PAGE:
Both the Department of Homeland Security’s U.S. Citizenship and Immigration Services (USCIS) and Customs and Border Protection (CBP) are responsible for vetting refugees, which includes an in-person interview and database queries. The in-person interview essentially requires the interviewer to take the refugees’ word about their identity, because verification of a refugee’s identity is difficult if not impossible. Databases are useless in most cases because refugees are either fleeing failed states or states not inclined to share data with the U.S. As James Comey famously said, “We can query databases till the cows come home but nothing will show up because we have no record of that person…”13

The Health and Human Service Department’s Office of Refugee Resettlement (ORR) provides most funding for refugee resettlement over and above the $2,125/refugee seed money provided by PRM. ORR also offers numerous grants for refugee social services, business startups, and other funding, ostensibly to help refugees get established in the U.S. Contractors administering these grants naturally take a cut. In all, contractors can receive upwards of $5,000 per head or more for each refugee.14

Furthermore, most of the work, and even some of the money contractors receive, is provided by volunteers. One VOLAG volunteer recruitment drive specified that each volunteer had to raise at least $1,100 in cash and in-kind donations, and also raise at least one month’s rent in cash for the families they were serving.15

The Refugee Resettlement Program is not the Refugee Resettlement Program

While it is good news that the Trump administration has been successful in its efforts to slow refugee resettlement to a crawl, it is also misleading, because the refugee resettlement program includes other groups that meet the refugee definition but reach the U.S. by other means than through overseas refugee camps.

According to the U.S. Citizenship and Immigration Services (USCIS), a refugee is any person who is “unable or unwilling to return to, and is unable or unwilling to avail himself or herself of the protection of, that country because of persecution or a well-founded fear of persecution on account of race, religion, nationality, membership in a particular social group, or political opinion.”16 This mirrors the UN definition established at the 1951 UN Convention Relating to the Status of Refugees and the related 1967 Protocol.17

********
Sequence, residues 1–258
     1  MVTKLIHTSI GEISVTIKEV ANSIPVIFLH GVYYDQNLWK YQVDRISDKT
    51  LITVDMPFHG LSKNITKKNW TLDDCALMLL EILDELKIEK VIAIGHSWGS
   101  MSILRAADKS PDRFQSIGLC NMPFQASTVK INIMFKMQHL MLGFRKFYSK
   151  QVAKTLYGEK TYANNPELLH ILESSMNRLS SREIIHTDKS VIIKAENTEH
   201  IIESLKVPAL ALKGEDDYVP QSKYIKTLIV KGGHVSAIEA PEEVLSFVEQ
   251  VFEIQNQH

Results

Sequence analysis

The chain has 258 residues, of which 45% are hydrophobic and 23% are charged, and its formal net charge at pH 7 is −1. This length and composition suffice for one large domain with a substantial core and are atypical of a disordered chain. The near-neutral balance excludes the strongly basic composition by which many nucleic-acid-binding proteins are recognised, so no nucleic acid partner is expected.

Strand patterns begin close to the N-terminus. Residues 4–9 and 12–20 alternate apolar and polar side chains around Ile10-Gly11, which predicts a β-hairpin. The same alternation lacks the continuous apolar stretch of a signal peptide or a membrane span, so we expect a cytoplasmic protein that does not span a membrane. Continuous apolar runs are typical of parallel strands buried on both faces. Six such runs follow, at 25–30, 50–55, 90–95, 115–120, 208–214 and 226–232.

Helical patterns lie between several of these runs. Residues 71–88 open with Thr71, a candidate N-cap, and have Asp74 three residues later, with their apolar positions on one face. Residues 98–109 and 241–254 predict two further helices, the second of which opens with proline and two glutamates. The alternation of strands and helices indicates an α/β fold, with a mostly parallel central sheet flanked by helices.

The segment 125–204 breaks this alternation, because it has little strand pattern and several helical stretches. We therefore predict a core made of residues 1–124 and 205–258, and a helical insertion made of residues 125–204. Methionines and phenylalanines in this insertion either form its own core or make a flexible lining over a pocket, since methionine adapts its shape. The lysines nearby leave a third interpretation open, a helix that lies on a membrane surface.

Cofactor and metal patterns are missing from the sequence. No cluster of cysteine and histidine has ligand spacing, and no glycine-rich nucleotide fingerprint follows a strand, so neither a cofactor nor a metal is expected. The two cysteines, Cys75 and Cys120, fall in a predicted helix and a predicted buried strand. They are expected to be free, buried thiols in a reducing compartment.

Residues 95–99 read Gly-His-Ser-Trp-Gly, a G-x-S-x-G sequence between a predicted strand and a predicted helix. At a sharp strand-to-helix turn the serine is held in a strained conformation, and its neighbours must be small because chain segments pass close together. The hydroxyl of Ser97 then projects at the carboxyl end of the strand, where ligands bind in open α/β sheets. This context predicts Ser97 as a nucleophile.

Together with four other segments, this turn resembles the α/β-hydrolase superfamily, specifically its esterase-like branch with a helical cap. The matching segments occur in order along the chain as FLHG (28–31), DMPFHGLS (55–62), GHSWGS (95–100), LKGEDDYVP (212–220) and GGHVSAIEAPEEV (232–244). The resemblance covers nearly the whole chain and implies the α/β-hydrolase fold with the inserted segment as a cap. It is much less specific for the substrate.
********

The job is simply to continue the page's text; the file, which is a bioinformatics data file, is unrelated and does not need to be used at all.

It is interesting to note that under these definitions, “individuals who have crossed an international border fleeing generalized violence are not considered refugees.”18 This ostensibly could include large numbers of people who are regularly resettled anyway, for example, some of the Syrians fleeing that country’s conflict, and I would argue, most if not all Somalis.

For example, Minneapolis, Minnesota, is home to the largest Somali population in the U.S., most of whom arrived as refugees or are children of refugees. Many now return to Somalia for extended vacations. How can they possibly be refugees if they make regular trips to the country they fled out of fear for their lives? Even more outrageous, upon return, many have been upset to learn that their rent was in arrears. Somalis successfully lobbied the Minneapolis Housing Board to grant rent relief when they leave home for these extended vacations.19

Those who meet the definition include refugees (those seeking protection in the United States who are not already in the country) also include asylum seekers or asylees (those who apply for asylum after coming to the U.S.), Cuban/Haitian Entrants, holders of Special Immigrant Visas (SIV), and Trafficking Victims. The Unaccompanied Alien Children (UAC) program is also administered by ORR, although UACs do not meet the definition of “refugee.” Table I below provides up-to-date estimates for each category.


As the table shows, while the Trump administration has been able to reduce refugee numbers to historic lows, refugees are but one-fifth of what comprises the entire program. Over 100,000 refugees and other groups are being resettled in FY 2018, a major reduction, but one that only brings the program back to historic

Asylum cases have, if anything, increased, and while Unaccompanied Alien Children numbers are down somewhat this year, they still remain historically high.

The Cuban/Haitian Entrant program (CHEP), was created by the Refugee Education Assistance Act of 1980 in response to the Mariel Boat Lift, when 125,000 Cubans and over 40,000 Haitians attempted to immigrate en masse by boat to the U.S.20 It is a form of humanitarian parole, which allows entry of otherwise inadmissible aliens for humanitarian reasons. CHEP offers benefits to Cubans and Haitians on par with other refugee groups.

A component of CHEP was the so-called “wet foot-dry foot” policy, which provided expedited residence status to Cubans who successfully reached American shores (dry-foot). If intercepted by U.S. authorities at sea, (wet-foot), they would be returned to Cuba.21